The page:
I’ve never surfed before, so I sign up for a one-hour, $65 private lesson at School of Surf (321-406-0433, schoolofsurf.org). Inside the shop, I’m greeted by Nick Hoff, a 22-year-old former Amateur Athletic Union surf champ. After a quick safety briefing, we grab a longboard and head to the beach. Hurricane Florence passed a few days ago; 3-foot swells roll in steadily.

    We wade into waist-deep water, and I clamber atop the board. He likes that I’ve paddleboarded and water skied a few times. “I can always tell when someone has watersports experience,” he says, suggesting I’ll find surfing easy.

    Despite his help, it’s still hard. While attempting to catch some waves, my feet slip. Other times, they tangle in the ankle line. Instead of popping directly to my feet, I often get stuck on my knees. On a few rides, I get to my feet momentarily before toppling in shallow water. After every ugly wipeout, Hoff cheerfully diagnoses what I did wrong and offers encouragement as I squint through the sting of salt and sun. “Do people ever wear swim goggles while surfing?” I ask Hoff. “Uh, no,” he says.

    Brian Carlson
    Swedish tourists Moa and Kevin Simonsson prepare to take a lesson at the School of Surf.

    Every so often, I get lucky and find my way to a wobbly upright position. Over the course of an hour, I ride perhaps four waves all the way to the sand, hopping off the board on my own terms. Each time, Hoff looks genuinely ecstatic. “This is the easiest lesson I’ve taught,” he gushes. “You’re a natural!” (He’s lying, but I tip him well.) He assures me that if I spend two hours surfing for each of the next five days, I’ll have picked up the skill for life. “It’s like riding a bike,” he says.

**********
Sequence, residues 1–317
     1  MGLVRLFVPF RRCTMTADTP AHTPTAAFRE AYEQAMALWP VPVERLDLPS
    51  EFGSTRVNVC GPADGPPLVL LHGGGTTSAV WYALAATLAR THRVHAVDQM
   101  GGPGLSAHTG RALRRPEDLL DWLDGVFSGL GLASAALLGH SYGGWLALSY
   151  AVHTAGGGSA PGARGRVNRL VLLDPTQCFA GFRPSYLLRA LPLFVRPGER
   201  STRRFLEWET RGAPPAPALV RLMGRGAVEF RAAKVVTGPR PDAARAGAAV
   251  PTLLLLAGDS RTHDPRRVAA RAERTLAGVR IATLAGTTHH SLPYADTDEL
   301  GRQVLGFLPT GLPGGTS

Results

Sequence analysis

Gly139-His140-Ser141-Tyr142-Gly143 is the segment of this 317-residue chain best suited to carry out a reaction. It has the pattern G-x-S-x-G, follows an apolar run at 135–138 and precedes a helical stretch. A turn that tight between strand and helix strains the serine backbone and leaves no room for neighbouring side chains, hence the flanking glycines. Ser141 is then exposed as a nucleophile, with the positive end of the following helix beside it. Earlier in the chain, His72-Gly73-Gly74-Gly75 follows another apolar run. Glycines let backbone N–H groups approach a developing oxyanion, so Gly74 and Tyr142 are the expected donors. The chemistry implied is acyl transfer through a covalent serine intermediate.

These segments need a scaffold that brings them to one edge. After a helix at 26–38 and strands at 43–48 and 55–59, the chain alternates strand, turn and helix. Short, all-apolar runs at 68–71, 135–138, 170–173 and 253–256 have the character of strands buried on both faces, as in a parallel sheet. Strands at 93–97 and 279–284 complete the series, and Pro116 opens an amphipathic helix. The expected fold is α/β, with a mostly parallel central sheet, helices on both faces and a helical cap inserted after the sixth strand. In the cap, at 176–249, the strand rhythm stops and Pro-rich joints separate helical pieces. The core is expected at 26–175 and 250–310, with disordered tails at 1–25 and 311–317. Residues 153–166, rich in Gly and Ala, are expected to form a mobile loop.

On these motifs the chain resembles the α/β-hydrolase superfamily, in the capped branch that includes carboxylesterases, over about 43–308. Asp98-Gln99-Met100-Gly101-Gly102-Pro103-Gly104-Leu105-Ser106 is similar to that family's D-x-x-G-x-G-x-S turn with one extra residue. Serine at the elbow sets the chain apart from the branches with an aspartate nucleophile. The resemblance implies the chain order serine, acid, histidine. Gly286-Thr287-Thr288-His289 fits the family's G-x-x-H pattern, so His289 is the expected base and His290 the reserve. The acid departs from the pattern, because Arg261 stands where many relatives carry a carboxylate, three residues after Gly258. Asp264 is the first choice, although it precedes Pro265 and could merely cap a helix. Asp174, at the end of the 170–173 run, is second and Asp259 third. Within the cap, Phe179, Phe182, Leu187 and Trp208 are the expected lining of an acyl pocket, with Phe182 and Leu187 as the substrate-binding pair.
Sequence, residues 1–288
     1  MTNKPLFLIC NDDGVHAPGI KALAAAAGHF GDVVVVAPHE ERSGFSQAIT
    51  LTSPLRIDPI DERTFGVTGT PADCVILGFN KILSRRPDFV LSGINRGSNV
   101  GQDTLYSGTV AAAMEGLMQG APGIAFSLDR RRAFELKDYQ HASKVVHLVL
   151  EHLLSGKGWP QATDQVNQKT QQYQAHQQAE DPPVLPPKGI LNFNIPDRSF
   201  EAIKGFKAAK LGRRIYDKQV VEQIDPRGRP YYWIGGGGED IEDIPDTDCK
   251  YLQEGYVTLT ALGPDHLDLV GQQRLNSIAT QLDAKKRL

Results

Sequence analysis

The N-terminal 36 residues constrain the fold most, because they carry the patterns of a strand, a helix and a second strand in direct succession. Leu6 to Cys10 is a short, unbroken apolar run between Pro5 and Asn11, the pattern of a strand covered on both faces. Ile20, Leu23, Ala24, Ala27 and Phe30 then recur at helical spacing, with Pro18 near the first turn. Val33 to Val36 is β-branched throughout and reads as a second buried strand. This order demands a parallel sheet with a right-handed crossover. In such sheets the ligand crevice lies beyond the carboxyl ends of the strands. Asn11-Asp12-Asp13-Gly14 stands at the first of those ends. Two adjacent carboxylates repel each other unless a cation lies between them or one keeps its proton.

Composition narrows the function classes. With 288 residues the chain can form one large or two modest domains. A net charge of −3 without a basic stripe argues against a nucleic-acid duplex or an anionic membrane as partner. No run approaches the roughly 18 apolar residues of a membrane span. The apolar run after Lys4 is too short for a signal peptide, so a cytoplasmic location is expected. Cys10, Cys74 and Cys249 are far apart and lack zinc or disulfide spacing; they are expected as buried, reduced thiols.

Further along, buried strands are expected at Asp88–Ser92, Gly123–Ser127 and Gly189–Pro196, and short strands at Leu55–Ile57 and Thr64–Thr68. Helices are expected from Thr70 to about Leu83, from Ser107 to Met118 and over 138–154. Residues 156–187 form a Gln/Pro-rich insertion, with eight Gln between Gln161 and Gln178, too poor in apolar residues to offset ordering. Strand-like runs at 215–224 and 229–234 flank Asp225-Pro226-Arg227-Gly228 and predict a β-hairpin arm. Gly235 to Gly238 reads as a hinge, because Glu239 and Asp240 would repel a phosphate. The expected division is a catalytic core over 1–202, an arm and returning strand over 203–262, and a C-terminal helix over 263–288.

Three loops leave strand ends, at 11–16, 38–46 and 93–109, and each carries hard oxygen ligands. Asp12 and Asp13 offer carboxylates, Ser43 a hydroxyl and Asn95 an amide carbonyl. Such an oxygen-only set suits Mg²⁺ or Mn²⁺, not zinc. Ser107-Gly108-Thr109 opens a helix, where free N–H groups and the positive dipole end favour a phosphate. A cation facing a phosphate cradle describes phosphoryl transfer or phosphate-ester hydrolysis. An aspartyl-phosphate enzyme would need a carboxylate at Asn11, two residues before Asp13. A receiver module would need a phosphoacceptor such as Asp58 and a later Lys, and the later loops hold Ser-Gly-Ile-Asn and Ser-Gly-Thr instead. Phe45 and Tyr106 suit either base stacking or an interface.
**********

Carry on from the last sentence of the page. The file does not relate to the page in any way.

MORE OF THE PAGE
If I had more time in Cocoa Beach, or if I’d brought children, there would be plenty more to do: zip-line parks, charter fishing, kayak tours, and manatee-watching boat tours. If I do come back, I plan to align my schedule with a rocket launch. A couple of days on the Space Coast has fueled my interest. I’m ready to get my teeth rattled.

    MORE PHOTOS:

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    Visitors to the Kennedy Space Center can get an up-close look at the space program.

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    The sesame-crusted tuna and a Pier beer at Rikki Tiki Tavern.

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    A couple relaxes at Sandbar Sports Bar in Cocoa Beach.

    Daniel McGinn is a senior editor at Harvard Business Review. Send comments to magazine@globe.com. Get the best of the magazine’s award-winning stories and features right in your e-mail inbox every Sunday. Sign up here.